The US NIST has released its ‘next generation’ Risk management framework RMF 2.0 aka NIST Special Publication 800-37. RMF offers a ‘holistic methodology’ to manage information security, privacy and supply chain risk. The executive summary states that ‘As we push computers to the edge, building a complex world of interconnected information systems and devices, security and privacy risks (including supply chain risks) [ are ] topics of great importance. The increase in complexity of the hardware, software, firmware, and systems within the public and private sectors (including US critical infrastructure) represents a significant increase in the attack surface that can be exploited by adversaries. Moreover, adversaries are using the supply chain as an attack vector and effective means of penetrating our systems, compromising the integrity of system elements, and gaining access to critical assets’. The 187 page publication provides a ‘disciplined, structured, and flexible process’ for managing such risks along with management training activities to prepare organizations to execute the framework.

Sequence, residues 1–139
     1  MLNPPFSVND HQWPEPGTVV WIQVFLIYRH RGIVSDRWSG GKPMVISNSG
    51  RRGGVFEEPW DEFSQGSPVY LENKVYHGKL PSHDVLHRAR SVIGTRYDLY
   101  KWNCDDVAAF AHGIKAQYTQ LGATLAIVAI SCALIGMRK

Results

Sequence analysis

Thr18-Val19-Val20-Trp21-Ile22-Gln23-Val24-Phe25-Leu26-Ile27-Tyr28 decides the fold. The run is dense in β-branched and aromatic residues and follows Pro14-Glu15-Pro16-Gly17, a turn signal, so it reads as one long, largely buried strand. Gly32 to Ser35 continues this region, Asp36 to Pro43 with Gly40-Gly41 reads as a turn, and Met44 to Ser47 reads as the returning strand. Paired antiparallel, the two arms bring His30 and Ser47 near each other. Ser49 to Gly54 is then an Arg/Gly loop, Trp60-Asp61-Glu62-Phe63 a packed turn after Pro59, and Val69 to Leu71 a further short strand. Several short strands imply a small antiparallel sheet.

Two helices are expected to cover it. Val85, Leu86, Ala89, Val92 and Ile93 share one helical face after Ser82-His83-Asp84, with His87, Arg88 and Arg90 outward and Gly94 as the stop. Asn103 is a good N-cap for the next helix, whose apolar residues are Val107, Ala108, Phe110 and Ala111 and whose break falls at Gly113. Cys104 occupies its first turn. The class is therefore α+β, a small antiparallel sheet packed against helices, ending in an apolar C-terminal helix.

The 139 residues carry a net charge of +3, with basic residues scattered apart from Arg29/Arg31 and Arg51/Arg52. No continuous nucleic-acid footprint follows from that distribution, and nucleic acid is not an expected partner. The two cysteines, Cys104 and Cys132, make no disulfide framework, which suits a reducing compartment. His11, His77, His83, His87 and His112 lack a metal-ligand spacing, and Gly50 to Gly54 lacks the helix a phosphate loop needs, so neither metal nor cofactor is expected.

Schneider Electric has joined the Washington DC-based Cybersecurity Coalition. The CC is developing consensus-driven solutions that promote a robust cybersecurity ecosystem with the development and adoption of cybersecurity innovations and by encouraging organizations to improve their cybersecurity. Schneider’s cybersecurity by design approach is exemplified by its EcoStruxure IoT offering, said to align with the US NIST cybersecurity framework. EcoStruxure cyber security is being enhanced through a global partnership with cybersecurity boutique Vericlave whose encryption technology is to ‘further secure and protect’ customers’ critical IT and OT systems. More from the Cybersecurity at Schneider Electric white paper.